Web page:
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3 December, 2003@12:00 am
HHS: First off, congratulations on the new record. Where did y’all record it?

H&M- Exclusively at The Mutha Fu#$in Spot on Lexington.

HHS: How do Eon & Mighty Mi vibe in the studio? What is the writing and recording process like for High & Mighty?

Mighty Mi- Erik writes the songs to Zhigge instrumentals and Milo makes beats to Rough House Survivor accapellas ……then it just kinda comes together.

Mr. Eon-  Milo was throwing some ill beats at me and I wrote to them straight up. I just tried to write an LP that I would like to hear cause no one else is really doing it for me these days listening wise.

HHS: Listening to the album, there are a lot of tracks that stand out. “Fast Food Nation” takes aim at McDonalds and it is a pretty thorough diatribe against their food, their entire corporation and their impact on our culture and society. It’s kind of a departure for you guys. Where did that song come from? What prompted you to go after McDonalds?

Mighty Mi – After being a diehard McDonalds eater, Eon read the book Fastfood Nation (which chronicles everything he talks about on the song), and never touched the stuff again. He has been known to scarf down a McDonalds apple pie though on occasion.

Mr. Eon- the “Fast Food Nation” shit is something that really affected me.  If anyone reads that book they won’t be eating all that shit as much.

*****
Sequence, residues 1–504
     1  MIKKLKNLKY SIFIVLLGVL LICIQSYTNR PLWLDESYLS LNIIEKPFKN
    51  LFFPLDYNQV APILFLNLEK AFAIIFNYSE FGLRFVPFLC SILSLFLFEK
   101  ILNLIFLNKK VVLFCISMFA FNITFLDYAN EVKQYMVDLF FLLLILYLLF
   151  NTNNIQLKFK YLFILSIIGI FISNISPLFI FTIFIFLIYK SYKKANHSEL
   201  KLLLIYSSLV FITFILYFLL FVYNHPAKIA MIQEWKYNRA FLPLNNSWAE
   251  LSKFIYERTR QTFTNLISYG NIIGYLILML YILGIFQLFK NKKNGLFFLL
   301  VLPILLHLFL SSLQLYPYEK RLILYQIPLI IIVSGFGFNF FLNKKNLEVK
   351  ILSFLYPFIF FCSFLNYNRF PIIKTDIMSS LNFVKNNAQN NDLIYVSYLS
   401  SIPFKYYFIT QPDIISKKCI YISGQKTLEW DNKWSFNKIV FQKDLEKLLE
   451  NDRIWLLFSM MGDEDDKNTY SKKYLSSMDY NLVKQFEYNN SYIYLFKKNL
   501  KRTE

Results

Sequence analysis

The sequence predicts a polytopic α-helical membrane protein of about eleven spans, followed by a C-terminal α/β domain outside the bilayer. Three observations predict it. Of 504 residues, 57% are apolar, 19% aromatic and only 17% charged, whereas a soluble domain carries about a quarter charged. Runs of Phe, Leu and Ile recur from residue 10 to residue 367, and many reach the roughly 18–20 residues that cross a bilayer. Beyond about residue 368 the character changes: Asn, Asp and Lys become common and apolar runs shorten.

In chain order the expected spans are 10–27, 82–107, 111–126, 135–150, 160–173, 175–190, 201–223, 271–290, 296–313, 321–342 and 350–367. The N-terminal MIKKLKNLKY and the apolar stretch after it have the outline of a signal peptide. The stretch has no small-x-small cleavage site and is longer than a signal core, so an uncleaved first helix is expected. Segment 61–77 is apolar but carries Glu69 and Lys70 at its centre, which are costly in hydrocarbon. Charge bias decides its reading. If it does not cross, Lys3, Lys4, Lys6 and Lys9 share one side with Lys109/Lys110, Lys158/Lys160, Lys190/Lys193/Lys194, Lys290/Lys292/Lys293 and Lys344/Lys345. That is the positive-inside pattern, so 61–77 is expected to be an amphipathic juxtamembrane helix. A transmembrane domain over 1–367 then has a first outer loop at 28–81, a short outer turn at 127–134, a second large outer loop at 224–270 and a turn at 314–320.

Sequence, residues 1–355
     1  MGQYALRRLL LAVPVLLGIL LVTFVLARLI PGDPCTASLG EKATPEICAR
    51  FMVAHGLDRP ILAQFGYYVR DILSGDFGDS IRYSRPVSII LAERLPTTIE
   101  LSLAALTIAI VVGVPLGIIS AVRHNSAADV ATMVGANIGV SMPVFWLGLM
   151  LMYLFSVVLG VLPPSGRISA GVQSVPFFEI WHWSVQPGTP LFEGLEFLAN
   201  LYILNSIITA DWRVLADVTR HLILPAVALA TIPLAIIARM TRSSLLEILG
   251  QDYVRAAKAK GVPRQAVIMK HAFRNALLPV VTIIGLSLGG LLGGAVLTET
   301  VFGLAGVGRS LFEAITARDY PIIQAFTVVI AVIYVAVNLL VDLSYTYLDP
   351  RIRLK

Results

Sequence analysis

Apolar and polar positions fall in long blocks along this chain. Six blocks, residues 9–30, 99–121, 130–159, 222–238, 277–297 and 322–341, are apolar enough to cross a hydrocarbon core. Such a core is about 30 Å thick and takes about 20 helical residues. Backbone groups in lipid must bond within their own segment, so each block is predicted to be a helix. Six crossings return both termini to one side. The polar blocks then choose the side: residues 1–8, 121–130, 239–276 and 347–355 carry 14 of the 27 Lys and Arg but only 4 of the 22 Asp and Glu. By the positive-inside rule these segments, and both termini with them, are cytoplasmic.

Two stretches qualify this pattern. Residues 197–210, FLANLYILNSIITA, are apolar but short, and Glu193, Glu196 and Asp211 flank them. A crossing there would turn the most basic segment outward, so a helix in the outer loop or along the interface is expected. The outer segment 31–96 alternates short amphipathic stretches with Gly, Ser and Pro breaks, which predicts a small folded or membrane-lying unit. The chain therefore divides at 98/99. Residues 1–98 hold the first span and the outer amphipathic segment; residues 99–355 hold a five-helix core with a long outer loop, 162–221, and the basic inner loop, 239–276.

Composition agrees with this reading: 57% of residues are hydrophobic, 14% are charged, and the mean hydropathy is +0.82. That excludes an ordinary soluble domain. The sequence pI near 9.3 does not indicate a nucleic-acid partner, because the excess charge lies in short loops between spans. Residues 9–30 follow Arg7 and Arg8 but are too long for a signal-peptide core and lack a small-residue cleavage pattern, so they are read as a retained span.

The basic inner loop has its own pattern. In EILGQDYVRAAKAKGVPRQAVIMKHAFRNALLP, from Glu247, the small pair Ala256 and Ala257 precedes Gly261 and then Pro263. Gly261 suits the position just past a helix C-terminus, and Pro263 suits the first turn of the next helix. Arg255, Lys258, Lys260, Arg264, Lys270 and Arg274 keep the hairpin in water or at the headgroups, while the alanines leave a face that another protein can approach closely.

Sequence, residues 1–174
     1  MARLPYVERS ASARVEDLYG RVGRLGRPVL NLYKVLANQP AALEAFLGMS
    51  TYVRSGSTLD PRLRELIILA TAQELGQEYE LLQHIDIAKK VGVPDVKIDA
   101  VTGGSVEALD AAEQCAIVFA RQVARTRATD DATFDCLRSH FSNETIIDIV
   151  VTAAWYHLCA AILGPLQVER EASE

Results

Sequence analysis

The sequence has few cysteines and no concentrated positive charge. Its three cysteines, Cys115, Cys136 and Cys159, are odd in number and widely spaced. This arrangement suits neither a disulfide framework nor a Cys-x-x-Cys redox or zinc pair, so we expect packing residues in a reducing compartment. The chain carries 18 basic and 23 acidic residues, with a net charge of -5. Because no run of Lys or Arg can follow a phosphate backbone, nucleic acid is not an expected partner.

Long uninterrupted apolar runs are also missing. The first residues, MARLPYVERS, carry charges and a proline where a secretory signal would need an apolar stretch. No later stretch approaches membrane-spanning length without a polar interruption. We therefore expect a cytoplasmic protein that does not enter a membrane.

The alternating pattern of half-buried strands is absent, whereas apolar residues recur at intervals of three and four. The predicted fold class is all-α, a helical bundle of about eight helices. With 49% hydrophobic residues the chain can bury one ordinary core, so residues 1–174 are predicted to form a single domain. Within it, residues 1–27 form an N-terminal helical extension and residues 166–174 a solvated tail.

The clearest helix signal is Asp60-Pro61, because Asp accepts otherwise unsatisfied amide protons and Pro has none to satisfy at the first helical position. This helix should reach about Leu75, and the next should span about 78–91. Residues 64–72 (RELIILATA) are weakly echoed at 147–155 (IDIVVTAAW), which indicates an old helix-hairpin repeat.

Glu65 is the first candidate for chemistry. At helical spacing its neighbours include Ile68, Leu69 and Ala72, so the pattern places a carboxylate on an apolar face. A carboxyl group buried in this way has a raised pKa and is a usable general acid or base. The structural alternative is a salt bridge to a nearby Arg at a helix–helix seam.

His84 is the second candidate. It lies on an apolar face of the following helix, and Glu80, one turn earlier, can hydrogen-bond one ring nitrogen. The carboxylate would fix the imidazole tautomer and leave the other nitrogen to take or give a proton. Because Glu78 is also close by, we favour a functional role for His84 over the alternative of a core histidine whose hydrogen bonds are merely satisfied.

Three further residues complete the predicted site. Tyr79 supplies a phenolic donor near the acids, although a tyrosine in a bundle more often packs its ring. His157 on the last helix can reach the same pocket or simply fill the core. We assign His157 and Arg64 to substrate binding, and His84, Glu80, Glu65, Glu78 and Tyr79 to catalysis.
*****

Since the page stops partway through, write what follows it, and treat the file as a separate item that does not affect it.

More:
HHS: With “Take It Off” you address those who have been quick to jump on the throwback jersey bandwagon. How did you come to write that one? Is it directed at anyone in particular?

Mighty Mi- The throwback jersey craze has become completely out of hand in NY. You go outside of a club and 80% of the cats are wearing them and not knowing what player they’re even repping. High & Mighty being the avid sports fans we are, find that kinda wack. Like cats be rockin the Steve Atwater jersey cause it matches there blue/orange outfit, but not knowing how ill of a safety he was and how devastating of a hitter he was.

Mr. Eon- “Take It Off” is so important.  It is just a microcosm of cultural trendiness.  I mean Von Dutch????  Come on man when you wear some shit that’s trendy you’re a herb.  I wore jerseys in ’85 when Mitchell & Ness was still a skate shop.  No one in NY should be wearing an Iverson jersey.  Can you imagine any Philly head wearing a Larry Bird jersey in Philly in 1984?  That kid woulda got beat down.  And remember in Do the Right Thing when white dude had the Bird jersey?  Now you got black kids who never woulda worn no white dudes’ jersey rockin some Steve Nash shit.  You all look ridiculous if you don’t know where that shit came from.  The history is what makes them special.  Just like hip hop, there’s no meaning no more!

HHS: Who’s the greatest athlete of all time?

Mighty Mi – Bo Jackson.

Mr. Eon- Babe Ruth.  He was the best pitcher in baseball then became the best hitter of all time.  That will never happen again.  People think he was all fat and all but basically he invented the home run.

HHS: What’s you favorite throwback?

Mighty Mi- My 1991 Jerome Brown Eagles Jersey.

HHS: How did y’all get down with Micheal Rappaport?